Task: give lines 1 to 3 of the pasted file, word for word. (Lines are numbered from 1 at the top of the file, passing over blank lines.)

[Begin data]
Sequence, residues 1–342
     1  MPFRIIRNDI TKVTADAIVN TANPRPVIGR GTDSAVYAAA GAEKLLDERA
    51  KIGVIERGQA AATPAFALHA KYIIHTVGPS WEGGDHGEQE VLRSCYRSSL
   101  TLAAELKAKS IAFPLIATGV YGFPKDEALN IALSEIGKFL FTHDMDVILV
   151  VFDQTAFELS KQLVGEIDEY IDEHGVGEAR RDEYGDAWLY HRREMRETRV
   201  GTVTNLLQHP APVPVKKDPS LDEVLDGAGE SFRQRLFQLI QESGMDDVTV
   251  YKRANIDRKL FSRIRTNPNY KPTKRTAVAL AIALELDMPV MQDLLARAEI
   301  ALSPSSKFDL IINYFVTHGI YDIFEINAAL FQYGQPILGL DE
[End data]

Sequence, residues 1–342
     1  MPFRIIRNDI TKVTADAIVN TANPRPVIGR GTDSAVYAAA GAEKLLDERA
    51  KIGVIERGQA AATPAFALHA KYIIHTVGPS WEGGDHGEQE VLRSCYRSSL